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Mississippi (Mississippi, United States) (search for this): chapter 96
r active duty in the field. It was now occupied by a regiment or two, with one battery, and some odds and ends of cavalry, the whole under the command of Ruggles. Upon the arrival of Gen. Breckinridge, he assumed chief command, and the troops were separated into two divisions. To Gen. Clarke were assigned Gen. Ben. Hardin Helm's brigade, consisting of the Fourth and Fifth Kentucky, Fourth Alabama battalions and Thirty-first Mississippi regiment, Col. Stratham's brigade of Tennessee and Mississippi troops, and Cobb's Kentucky and Hudson's Mississippi batteries. To Gen. Ruggles were given his old force, the Fourth Louisiana, Col. Allen; Louisiana battalion, Col. Boyd; the Partisan Rangers, and Semmes' battery, together with Preston's brigade, commanded by Colonel A. P. Thompson, of the Third Kentucky, composed of the Third, Sixth and Seventh Kentucky, and Twenty-sixth Alabama regiments. These troops were mostly war-worn veterans, but their long marches and the arduous picket-duty a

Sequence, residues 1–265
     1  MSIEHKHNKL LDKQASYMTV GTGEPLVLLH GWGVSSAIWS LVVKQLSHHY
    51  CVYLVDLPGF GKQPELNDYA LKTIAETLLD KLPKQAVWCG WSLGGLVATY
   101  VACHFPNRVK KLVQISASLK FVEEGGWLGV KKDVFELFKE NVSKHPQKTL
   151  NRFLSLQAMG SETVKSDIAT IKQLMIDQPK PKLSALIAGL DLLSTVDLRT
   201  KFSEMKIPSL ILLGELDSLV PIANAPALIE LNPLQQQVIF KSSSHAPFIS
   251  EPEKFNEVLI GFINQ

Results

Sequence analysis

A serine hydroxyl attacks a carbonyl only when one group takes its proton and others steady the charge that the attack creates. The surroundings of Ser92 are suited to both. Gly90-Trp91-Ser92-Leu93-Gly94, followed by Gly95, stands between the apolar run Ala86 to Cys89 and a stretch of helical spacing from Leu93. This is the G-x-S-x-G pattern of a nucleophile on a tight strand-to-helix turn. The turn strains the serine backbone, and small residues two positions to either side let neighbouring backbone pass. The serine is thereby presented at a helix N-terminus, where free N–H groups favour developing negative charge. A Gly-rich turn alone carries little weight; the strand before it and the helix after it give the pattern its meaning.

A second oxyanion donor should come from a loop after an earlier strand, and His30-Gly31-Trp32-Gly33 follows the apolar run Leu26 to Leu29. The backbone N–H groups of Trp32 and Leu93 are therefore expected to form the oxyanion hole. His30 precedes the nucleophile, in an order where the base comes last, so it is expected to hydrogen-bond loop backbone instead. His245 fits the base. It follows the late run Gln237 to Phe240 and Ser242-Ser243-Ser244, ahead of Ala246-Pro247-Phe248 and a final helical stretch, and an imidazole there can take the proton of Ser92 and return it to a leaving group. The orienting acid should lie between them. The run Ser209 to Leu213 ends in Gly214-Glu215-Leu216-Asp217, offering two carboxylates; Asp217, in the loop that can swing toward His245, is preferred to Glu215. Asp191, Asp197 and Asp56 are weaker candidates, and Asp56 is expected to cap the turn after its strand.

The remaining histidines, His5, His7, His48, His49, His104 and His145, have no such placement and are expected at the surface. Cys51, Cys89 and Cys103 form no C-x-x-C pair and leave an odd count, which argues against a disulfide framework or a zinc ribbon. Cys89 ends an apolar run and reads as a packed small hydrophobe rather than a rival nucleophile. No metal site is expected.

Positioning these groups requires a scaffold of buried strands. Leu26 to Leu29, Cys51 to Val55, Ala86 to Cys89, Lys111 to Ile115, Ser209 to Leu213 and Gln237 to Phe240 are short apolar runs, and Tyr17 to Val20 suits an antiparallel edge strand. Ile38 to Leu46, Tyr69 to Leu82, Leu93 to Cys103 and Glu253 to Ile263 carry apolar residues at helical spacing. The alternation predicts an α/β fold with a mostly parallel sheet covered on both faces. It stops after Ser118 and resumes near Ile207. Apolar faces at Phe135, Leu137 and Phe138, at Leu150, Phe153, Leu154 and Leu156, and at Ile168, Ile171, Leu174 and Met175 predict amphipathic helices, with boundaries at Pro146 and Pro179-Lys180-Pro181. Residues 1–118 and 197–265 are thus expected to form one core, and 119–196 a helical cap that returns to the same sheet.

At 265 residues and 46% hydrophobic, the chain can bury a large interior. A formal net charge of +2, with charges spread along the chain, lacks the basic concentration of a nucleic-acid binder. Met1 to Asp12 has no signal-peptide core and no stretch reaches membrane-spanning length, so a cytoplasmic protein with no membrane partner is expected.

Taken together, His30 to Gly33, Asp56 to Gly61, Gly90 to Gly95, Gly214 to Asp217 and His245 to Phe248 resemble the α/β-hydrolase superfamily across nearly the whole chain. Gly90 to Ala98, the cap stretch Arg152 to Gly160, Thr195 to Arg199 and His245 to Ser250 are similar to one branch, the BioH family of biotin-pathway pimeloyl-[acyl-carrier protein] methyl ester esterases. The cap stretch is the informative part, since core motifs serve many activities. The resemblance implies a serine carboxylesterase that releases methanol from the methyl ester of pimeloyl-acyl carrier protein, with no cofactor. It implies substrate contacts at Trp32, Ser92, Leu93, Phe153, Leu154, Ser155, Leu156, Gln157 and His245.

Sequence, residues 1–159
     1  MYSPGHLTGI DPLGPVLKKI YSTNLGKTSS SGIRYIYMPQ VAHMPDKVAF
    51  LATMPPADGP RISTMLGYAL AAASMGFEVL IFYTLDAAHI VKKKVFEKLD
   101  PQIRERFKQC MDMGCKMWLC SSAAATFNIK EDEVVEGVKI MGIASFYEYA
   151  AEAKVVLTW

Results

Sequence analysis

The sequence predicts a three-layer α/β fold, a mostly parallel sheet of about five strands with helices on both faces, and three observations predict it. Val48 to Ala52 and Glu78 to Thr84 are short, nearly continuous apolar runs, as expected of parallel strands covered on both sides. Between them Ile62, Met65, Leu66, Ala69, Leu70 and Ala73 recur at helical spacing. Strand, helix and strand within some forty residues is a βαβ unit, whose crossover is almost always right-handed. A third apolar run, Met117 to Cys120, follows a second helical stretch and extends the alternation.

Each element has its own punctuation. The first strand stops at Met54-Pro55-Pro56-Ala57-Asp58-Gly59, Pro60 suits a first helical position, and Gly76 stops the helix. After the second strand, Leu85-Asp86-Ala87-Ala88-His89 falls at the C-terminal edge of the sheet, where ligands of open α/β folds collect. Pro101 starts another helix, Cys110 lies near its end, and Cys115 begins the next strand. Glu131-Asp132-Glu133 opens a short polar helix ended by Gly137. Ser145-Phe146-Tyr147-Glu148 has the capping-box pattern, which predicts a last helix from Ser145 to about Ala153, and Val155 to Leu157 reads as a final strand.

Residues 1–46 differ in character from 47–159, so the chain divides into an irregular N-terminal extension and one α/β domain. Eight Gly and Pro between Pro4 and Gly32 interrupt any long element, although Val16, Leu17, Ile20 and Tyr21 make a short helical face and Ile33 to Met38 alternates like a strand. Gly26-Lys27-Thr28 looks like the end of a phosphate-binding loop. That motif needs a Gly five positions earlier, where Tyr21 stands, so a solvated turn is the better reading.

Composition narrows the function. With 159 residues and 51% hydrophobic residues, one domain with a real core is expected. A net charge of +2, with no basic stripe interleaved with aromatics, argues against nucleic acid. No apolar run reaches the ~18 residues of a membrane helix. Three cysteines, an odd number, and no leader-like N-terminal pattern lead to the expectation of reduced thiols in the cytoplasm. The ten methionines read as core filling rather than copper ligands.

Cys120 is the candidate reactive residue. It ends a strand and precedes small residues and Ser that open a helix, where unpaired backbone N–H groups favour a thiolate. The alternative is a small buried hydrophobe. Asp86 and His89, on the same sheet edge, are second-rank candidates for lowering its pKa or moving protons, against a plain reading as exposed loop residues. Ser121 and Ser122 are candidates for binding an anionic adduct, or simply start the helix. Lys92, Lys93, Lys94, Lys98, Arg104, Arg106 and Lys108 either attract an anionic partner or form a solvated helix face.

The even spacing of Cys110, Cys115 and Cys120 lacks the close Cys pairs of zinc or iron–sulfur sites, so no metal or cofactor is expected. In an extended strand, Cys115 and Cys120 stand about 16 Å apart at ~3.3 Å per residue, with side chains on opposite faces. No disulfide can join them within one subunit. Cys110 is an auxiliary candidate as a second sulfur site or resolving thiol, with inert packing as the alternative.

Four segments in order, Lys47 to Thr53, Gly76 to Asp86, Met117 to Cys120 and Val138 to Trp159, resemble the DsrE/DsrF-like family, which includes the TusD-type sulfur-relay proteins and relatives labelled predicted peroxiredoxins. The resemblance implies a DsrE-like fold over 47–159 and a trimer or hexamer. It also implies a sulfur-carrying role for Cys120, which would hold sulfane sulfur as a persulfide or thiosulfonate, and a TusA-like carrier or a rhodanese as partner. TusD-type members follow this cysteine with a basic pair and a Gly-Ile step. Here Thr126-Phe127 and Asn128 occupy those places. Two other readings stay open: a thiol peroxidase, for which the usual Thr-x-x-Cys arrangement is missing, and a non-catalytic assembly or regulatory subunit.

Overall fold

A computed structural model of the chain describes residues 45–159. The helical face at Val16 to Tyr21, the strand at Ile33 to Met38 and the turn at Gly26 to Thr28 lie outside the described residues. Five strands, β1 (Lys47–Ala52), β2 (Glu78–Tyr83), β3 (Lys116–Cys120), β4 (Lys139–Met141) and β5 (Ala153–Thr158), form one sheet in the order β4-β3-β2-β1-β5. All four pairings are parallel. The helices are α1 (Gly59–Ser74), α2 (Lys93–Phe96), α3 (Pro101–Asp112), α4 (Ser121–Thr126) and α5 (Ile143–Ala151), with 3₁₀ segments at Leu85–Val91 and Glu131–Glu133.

Fort Donelson (Tennessee, United States) (search for this): chapter 96
s. Unfortunately he is confined to his bed with typhoid fever, at the residence of a friend, near Clinton, Miss. Colonel Thompson, however, as Acting Brigadier, proved a gallant and intrepid commander. Of the members of his staff, Capt. W. P. Wallace, aid-de-camp, was wounded early in the action, having his ribs broken; and Lieut. Charles Semple, ordnance-officer, was shot with grape through the leg, being this heroic officer's second wound in the war, the first having been received at Fort Donelson. Major J. R. Throckmorten, Brigade-Quartermaster, rendered invaluable services in removing the wounded. He courted dangerous positions, and captured a lot of Government horses and mules. But this was nothing for a man who had been under fire in nine severe battles. Dr. J. W. Thompson, Brigade-Surgeon, was remarkably efficient in organizing and conducting his field-hospital arrangements. While the left was thus forcing the enemy into town, the right wing, under Gen. Charles Clarke,
Shiloh, Tenn. (Tennessee, United States) (search for this): chapter 96